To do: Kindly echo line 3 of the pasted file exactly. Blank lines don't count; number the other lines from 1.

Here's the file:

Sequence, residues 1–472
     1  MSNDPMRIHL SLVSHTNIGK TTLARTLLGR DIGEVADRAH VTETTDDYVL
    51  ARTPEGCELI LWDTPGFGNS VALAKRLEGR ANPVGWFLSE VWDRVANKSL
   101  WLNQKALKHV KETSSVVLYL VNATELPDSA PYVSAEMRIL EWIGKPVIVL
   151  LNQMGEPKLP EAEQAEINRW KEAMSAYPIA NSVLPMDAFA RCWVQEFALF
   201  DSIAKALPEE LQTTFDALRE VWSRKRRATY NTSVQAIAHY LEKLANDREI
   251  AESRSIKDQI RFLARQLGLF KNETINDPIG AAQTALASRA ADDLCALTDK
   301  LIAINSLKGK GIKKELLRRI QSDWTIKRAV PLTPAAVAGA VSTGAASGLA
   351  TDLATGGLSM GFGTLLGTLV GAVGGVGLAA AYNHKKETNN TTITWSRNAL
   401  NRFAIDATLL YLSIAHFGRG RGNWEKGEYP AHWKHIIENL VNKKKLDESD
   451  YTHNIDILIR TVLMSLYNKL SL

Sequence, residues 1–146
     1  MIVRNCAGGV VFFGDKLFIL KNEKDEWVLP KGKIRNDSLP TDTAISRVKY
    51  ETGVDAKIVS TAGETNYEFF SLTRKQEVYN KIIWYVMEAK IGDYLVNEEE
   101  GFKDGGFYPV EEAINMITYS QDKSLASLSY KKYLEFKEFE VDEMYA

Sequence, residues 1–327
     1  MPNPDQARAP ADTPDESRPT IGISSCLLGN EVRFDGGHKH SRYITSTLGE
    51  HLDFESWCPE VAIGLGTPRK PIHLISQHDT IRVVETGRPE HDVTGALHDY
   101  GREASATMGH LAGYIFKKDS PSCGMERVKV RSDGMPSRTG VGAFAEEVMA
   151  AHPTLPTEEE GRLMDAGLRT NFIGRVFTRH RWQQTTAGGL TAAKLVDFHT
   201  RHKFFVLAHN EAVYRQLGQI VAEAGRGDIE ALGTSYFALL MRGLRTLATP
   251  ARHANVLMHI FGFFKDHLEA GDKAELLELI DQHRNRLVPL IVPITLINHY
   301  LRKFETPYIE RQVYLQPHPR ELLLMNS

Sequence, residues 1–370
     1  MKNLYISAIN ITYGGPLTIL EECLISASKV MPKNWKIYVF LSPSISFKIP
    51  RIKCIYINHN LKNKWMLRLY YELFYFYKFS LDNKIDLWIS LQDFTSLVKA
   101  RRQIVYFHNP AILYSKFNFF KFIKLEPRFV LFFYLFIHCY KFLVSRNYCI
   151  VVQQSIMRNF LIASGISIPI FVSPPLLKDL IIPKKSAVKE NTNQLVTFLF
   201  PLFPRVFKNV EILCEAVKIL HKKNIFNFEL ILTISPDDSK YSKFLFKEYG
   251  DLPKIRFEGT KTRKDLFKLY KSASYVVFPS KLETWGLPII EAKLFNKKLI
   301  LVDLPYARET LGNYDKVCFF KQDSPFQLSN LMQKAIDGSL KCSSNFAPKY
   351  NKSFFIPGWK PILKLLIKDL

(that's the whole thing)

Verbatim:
    51  ARTPEGCELI LWDTPGFGNS VALAKRLEGR ANPVGWFLSE VWDRVANKSL